Guillaume Le Mener, Head of Marketing & Corporate Development for Mavenir

“It’s been years since text messaging was simple, with seamless sending/receiving capabilities from one person to another. We now rely on group messaging, video calls and third-party messaging applications. Until Rich Communications Services (RCS) entered the picture, that is. With RCS, texting apps that come with every phone are just as powerful as other messaging apps like iMessage, WhatsApp or Facebook Messenger. Add RCS standards to the mix and the industry can ensure that the best messaging features become available, no matter what carrier service or what mobile device is used.

The same power of RCS can be harnessed for workplace communication. Taking advantage of RCS alongside the growing Bring Your Own Device (BYOD) movement means that personal phones can be another form of workplace communication. RCS enables our phone to become another method for intuitive and productive communication, with voice, video and messaging capabilities in one manageable place.”


Steve Benson, Founder & CEO of Badger Maps

“I believe the future of workplace communication will continue the trend of the last 20 years in terms of less time spent on irrelevant information. In the past, a lot of communication and information went to everyone, even when they didn’t need it or it wasn’t relevant to them, which was inefficient. That strategy evolved into emails, then Yammer, Salesforce Chatter etc, and finally Slack, which allows people to clearly filter the information they need.

However the most important information moves around through conversations and meetings. Since those meetings don’t have to be face to face anymore, the future will likely involve many more people working together who are not in the same place but who are distributed across the world. Our company has been able to have employees distributed worldwide in a way that I never would have thought was possible 10 years ago.”


Aaron Watts, Digital Marketing Executive at DuoCall

“In today’s society we want everything to be effortless, and this is true of our communications. We’ve already moved a long way from our previous ‘old school’ methods, but some of our communication methods are still inefficient, outdated and compromised on productivity.

As we progress, processes such as email are likely to be replaced with something quicker and more effective such as IM (Instant Messaging). Although this technology is, and has been available for some time now we don’t implement it correctly within our businesses.

Another key factor in the way business communication will go in the future is the increase in remote working. With so many people now not actually working from the office our processes have to become slicker and more flexible.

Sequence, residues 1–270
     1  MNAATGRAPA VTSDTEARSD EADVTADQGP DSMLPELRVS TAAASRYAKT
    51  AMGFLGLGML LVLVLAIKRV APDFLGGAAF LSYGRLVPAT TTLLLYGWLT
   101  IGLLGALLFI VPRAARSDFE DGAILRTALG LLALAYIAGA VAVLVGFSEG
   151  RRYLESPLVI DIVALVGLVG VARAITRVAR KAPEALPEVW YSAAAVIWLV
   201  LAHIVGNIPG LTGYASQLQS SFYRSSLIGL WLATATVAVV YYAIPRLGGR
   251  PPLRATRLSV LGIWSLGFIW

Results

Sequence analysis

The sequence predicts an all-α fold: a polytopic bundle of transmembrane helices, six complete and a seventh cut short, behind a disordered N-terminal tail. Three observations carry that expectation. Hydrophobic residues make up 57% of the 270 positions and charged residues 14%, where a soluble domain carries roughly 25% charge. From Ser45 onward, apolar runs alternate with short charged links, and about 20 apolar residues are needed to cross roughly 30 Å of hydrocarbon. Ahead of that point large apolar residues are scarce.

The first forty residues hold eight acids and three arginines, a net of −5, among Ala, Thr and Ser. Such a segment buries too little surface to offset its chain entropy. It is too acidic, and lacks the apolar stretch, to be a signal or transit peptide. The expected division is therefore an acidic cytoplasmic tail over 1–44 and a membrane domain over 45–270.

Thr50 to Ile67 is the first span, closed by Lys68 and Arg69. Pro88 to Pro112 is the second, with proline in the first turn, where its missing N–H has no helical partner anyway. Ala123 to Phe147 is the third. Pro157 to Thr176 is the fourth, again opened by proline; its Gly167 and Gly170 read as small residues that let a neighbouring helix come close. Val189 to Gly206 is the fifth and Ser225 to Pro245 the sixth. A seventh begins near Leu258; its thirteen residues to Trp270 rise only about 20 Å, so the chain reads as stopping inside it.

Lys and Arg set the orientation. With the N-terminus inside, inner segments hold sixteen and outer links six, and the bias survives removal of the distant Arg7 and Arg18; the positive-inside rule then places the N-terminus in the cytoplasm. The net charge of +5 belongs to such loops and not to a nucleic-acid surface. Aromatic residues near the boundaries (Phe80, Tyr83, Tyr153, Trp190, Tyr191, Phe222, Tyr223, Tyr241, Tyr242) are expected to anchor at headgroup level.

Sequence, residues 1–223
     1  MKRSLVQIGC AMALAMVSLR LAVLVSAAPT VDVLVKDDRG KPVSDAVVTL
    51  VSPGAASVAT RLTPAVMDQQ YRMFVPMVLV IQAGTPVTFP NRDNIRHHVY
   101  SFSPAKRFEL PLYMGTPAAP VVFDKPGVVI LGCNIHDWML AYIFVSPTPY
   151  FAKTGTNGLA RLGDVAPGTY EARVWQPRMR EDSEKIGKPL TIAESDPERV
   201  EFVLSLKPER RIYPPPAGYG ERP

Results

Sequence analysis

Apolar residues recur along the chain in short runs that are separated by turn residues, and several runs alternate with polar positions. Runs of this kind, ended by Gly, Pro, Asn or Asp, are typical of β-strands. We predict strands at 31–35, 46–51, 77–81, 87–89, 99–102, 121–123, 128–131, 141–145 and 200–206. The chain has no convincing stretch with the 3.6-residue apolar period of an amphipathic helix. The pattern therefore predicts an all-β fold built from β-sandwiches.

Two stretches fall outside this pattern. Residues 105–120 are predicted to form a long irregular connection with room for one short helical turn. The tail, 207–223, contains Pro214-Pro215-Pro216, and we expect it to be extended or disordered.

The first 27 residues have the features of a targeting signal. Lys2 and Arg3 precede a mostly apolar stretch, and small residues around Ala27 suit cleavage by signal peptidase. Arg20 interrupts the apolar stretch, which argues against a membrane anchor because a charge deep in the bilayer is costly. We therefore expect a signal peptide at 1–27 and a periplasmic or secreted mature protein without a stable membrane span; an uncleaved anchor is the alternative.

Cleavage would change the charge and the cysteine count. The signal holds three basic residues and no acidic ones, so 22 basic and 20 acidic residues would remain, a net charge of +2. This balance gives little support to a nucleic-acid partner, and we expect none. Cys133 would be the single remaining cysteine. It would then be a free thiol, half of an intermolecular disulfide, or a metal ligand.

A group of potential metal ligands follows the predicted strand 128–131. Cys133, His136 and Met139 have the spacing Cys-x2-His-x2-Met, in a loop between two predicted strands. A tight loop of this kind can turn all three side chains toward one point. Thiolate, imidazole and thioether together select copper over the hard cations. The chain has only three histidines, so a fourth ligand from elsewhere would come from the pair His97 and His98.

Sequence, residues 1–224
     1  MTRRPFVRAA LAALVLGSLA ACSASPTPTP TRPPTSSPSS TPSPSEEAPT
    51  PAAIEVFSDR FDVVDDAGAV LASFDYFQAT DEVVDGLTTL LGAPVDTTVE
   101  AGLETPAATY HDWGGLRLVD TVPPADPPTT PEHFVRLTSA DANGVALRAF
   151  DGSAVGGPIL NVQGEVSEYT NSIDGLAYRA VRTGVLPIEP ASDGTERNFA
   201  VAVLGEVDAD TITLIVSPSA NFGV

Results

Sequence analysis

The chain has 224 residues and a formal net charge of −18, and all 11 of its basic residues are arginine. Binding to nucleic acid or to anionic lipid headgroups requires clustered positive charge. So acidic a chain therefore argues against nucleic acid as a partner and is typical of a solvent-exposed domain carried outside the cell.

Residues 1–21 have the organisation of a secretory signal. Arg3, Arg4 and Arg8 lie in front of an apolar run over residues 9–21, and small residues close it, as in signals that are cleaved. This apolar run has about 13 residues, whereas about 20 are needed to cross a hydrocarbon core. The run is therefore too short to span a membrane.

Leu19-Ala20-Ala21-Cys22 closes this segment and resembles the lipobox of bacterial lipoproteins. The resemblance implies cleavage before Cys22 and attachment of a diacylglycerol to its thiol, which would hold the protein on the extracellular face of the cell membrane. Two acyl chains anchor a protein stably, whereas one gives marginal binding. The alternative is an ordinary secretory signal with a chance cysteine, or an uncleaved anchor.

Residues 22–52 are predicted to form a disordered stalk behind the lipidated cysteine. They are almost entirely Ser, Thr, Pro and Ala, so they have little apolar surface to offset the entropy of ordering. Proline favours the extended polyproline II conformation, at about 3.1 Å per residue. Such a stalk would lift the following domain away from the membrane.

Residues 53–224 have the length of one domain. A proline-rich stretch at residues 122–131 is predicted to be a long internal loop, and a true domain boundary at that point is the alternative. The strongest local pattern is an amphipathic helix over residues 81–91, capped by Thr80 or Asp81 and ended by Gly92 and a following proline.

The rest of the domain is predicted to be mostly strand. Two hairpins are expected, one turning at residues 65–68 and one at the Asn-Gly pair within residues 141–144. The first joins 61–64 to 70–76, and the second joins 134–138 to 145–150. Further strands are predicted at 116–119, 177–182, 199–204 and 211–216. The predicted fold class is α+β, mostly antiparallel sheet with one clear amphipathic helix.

Going forwards we’ll see new integrated platforms that provide flexible communication channels, including video calls, text messaging, and instant messaging.”


Walt L. Jones III , Founder & Principal of SEQ Advisory Group

“Workplace communication has been greatly impacted by the changes in social communication as well as generational changes. Where text messaging has replaced phone calls, instant messaging apps have become a norm in the workplace. Companies now have team communication and social media platforms for work collaboration. In the modern business world, our keyboards are our lips and our hands are our voices. The benefit is that as communication evolves, it allows companies to extend their global footprint in terms of workforce and customers, while reducing operations costs (office space, telecom, etc.). The future of workplace communication will continue on a path of mimicking the in-person connection via the 5 senses as close as possible without actual physical contact. Sight and sound has been achieved, while scent and taste studies are underway.”


Karen Gordon is the CEO of 5 Dynamics

“In 10-15 years, workplace communication will be focused on individual empowerment, especially in the employee and employer feedback loop. Technology will disrupt traditional human resources methods, and HR leaders will provide automated tools that make it possible for managers to tailor communications and feedback to the unique needs and work styles of individual employees. HR will no longer be a middle man need. The traditional annual review will have finally disappeared, replaced by continuous feedback loops so that information is traveling up, across and down in real time so leaders can act on information quickly. CEOs, who realize today that human capital is a significant opex and that preservation of company culture is vital, will have invested in tools and programs that facilitate one-on-one relationships among team members. We’ve found more democratized, one-to-one communication styles appeal to many millennials—who in less than 10 years will be 75% of the workforce.”




About the author

Nick Hastreiter

I write about the future of business. I approach this by interviewing founders, CEO's, and other game changers to share their vision for the future of their industry.